(Hereditary Motor and Sensory Neuropathies [HMSNs])En Español (Spanish Version)
Charcot-Marie-Tooth (CMT) disease is a group of genetic disorders that affects movement and sensation in the limbs. The disease progresses slowly and causes damage to the peripheral nerves that control muscles and transmit sensation.
CMT is caused by defects in specific genes (genetic mutations) often inherited in an autosomal dominant pattern. This means that if one parent has CMT, each child has a 50% chance of inheriting the gene and the disease.
CMT can be classified in a number of ways:
- Type I (demyelinating)—This type affects the coating of the nerve called the myelin sheath, causing nerve impulses to travel more slowly. It usually occurs in childhood or adolescence and is the most common type of CMT.
- Type II (axonal)—This type affects the part of the nerve called axons. Although the speed is normal, the size or amount of impulses is less than normal. This type of CMT is less common and occurs after adolescence.
Type III—Also called Dejerine-Sottas disease, this is a more rare, severe, early onset form of CMT. It is sometimes considered to be a subtype of CMT Type I. Symptoms may include:
- Delayed ability to walk
- Severe sensory problems
- Hearing loss
- Type IV (demyelinating autosomal recessive)—This is similar to Type I, but often less severe. The inheritance pattern also makes it less likely to be inherited by an affected individual's children.
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A risk factor is something that increases your chance of getting a disease or condition. The primary risk factor for developing CMT is having family members with this disease.
Usually, symptoms first appear in children and young adults. The first sign of CMT is often a high arched foot or difficulty walking. Other symptoms may include:
- Hammer toes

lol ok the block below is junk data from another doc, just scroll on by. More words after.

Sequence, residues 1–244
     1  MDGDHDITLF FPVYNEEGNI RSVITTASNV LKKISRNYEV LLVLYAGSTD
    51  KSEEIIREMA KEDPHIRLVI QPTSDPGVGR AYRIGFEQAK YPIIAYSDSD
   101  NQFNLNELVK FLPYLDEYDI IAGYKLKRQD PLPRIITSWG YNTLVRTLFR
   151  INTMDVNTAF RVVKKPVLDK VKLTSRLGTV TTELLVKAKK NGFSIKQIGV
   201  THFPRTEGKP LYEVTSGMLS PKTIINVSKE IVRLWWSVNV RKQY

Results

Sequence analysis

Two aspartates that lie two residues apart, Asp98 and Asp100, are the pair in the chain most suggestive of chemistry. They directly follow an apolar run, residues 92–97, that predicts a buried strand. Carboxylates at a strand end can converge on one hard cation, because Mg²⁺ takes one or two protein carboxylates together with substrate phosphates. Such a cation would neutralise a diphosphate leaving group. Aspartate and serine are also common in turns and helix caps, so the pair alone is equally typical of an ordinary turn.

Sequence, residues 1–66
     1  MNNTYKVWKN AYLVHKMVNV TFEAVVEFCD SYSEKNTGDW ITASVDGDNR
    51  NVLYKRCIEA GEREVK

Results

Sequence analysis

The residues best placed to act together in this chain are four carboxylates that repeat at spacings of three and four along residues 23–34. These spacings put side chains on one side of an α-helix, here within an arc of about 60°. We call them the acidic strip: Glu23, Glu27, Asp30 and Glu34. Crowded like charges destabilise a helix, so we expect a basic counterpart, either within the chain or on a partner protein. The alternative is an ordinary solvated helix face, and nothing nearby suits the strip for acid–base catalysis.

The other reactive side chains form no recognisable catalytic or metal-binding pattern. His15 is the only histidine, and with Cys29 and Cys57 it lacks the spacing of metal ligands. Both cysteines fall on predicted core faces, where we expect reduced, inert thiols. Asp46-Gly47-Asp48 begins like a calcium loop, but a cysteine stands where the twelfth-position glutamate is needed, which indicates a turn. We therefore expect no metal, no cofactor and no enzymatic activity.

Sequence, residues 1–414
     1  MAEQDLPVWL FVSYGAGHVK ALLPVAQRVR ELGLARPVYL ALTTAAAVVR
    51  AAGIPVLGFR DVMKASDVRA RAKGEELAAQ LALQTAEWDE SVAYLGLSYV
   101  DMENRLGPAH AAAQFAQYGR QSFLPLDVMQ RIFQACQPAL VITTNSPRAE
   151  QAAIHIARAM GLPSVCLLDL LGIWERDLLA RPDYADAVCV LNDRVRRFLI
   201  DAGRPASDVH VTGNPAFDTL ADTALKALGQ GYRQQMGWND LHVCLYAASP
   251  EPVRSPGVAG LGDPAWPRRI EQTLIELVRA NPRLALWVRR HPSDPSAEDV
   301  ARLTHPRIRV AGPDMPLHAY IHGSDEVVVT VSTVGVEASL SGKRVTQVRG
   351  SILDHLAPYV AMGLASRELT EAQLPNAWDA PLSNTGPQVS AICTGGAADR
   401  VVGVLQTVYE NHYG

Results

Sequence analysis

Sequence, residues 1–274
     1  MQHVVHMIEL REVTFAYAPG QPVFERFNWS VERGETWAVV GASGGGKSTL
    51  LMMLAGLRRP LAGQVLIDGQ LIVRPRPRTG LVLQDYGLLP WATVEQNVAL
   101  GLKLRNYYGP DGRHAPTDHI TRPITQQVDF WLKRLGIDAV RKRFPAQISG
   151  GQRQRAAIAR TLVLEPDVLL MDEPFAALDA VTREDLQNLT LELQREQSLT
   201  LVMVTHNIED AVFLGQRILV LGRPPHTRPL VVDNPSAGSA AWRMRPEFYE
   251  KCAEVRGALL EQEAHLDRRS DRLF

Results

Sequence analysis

- Muscle cramping in legs and forearms
- Flexed toes
- Difficulty holding the foot up in a horizontal position
- Frequent sprained ankles and ankle fractures
- Problems with balance
- Muscle weakness and atrophy in the lower extremities
- Diminished ability to detect hot and cold, vibration, and position
- Difficulty writing, fastening buttons and zippers, and manipulating small objects
The doctor will ask about your symptoms and medical history, and perform a physical exam. Tests may include:
Although there is no cure for CMT, treatment may help to improve function, coordination, and mobility. Treatment is also essential to protect against injury due to muscle weakness and diminished sensation. Treatment may include:
- Physical and occupational therapy
- Moderate exercise
- Lightweight lower leg braces
- Shoe inserts to correct foot deformity
- Vigilant podiatric care
- Orthopedic surgery
Muscular Dystrophy Association
National Institute of Neurological Disorders and Stroke
About Kids Health
BC Health Guide
Muscular Dystrophy Association website. Available at: http://www.mdausa.org .
Nave KA, Sereda MW, Ehrenreich H. Mechanisms of disease: inherited demyelinating neuropathies—from basic to clinical research. Nat Clin Pract Neurol. 2007;3:453-464.
Pareyson D. Differential diagnosis of Charcot-Marie-Tooth disease and related neuropathies. Neurol Sci. 2004;25:72-82.
Last reviewed November 2007 by Rimas Lukas, MD
Please be aware that this information is provided to supplement the care provided by your physician. It is neither intended nor implied to be a substitute for professional medical advice. CALL YOUR HEALTHCARE PROVIDER IMMEDIATELY IF YOU THINK YOU MAY HAVE A MEDICAL EMERGENCY. Always seek the advice of your physician or other qualified health provider prior to starting any new treatment or with any questions you may have regarding a medical condition.
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